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Report: Family died quickly from CO in Aspen-area home

Wyatt Haupt Jr.
Aspen correspondent
Aspen, CO Colorado

ASPEN, Colorado ” A family of four that succumbed to carbon monoxide poisoning in an Aspen-area home on the Thanksgiving holiday likely died within minutes of being exposed to the gas, based on preliminary findings released Wednesday.

The level of carbon monoxide in the Popcorn Lane residence was estimated at about 5,000 parts per million (ppm) at the time of the incident. The estimation was based on a test completed at the home within the last two days, Pitkin County Sheriff Bob Braudis said.

At that level the family probably died in about 10 to 20 minutes.



The test involved starting up the Munchkin boiler that powered the home’s snowmelt system and letting it run throughout the night. The air in the home was then tested for carbon monoxide levels, Braudis said.

“They were trying to replicate the night at the house,” he said.



The measurement was 20,000 ppm in the crawl space where the mechanical equipment for the home is housed. The level was 5,000 ppm in the bedroom where the family was found, Braudis said.

The bedroom sits two floors above the crawl space.

Aspen Volunteer Fire Department deputy chief Rick Balentine said it would take about 15 to 30 minutes for an individual in good health to die of carbon monoxide poisoning at an exposure of 3,000 ppm.



He said at 6,000 ppm, it would take about 10 to 15 minutes. While Balentine said those were just guidelines, a number of other sources were in line with those figures, including state and federal agencies.

He said fire department personnel won’t enter a space without a breathing apparatus if a reading is above 200 ppm.

“Because anything over 200 ppm will cause headaches, fatigue and nausea,” Balentine said.

A disconnected exhaust pipe that stretched from the boiler to a chimney flute appears to be how the gas infiltrated the home.

Braudis said an investigation determined a polyvinyl chloride pipe, more commonly known as PVC, was not hooked up at the “elbow” point where it was to allow the gas from the boiler to flow to the flute and out of the home.

He also said investigators did not locate a carbon monoxide detector in the home where the bodies of Parker Lofgren, 39; his wife, Caroline, 42; and their children, Owen, 10, and Sophie, 8, were discovered.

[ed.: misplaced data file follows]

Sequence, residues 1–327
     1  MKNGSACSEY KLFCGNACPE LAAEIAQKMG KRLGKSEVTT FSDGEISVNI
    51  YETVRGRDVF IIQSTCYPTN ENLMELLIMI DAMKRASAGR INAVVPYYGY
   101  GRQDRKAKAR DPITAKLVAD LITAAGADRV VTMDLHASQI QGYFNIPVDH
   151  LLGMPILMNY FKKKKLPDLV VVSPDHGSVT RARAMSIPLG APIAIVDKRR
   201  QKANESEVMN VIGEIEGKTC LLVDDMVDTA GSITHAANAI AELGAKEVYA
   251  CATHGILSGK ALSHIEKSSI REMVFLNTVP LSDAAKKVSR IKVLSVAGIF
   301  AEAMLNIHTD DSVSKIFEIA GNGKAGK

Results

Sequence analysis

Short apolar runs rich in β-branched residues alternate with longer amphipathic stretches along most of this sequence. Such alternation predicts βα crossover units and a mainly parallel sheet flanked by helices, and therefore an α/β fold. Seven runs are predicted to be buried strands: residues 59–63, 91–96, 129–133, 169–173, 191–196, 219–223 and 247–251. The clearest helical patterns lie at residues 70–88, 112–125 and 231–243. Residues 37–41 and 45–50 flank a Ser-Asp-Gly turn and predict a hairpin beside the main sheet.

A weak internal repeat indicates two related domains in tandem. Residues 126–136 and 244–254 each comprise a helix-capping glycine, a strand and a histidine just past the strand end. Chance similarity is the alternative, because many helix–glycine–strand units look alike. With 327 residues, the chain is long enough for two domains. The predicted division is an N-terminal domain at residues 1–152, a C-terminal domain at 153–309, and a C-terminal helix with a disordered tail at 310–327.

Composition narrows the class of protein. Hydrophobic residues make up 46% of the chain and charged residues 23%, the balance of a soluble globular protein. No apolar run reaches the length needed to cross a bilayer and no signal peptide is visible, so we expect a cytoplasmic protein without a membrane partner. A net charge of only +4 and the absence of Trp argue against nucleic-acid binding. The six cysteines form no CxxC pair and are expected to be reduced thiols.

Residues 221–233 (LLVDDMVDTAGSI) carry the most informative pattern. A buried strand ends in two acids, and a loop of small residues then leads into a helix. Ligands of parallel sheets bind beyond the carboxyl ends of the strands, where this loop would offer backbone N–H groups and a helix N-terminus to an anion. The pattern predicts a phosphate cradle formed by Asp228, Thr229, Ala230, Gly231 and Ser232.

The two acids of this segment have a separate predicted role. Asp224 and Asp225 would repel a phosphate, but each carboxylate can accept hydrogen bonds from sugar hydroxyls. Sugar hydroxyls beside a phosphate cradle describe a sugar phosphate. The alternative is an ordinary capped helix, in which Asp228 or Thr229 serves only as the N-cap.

“We don’t believe there was one,” Braudis said. “We have not found one.”

The four victims were found Nov. 28 in a bedroom of the residence by family friends, who drove up from Denver to share the house with them for the Thanksgiving holiday, according to the sheriff’s office. The home is located about 4 miles east of Aspen in unincorporated Pitkin County.

A Pitkin County building code required homes to have one carbon monoxide detector, although it was not specific as to the location.

Pitkin County has since strengthened its law regarding carbon monoxide detectors. The regulation requires all residential property owners to install and maintain CO2 detectors in their buildings ” one near each bedroom and one located generally one each level of the structure.

Once the investigation is completed, which Braudis said was nearly done, the sheriff’s office will give its findings to the district attorney’s office in Aspen. Braudis said he was curious to see if the office determines “whether there are elements leading to negligent homicide or not.”

Deputy District Attorney Arnold Mordkin said the office is concerned about the situation.

“When we read the full report we will confer and decide how and if to proceed,” he said.

That would seemingly leave the district attorney’s office three options ” drop the case, file criminal charges or bring the matter before a grand jury. Should a grand jury convene, it would be up to that group to decide if someone should be charged with a crime.


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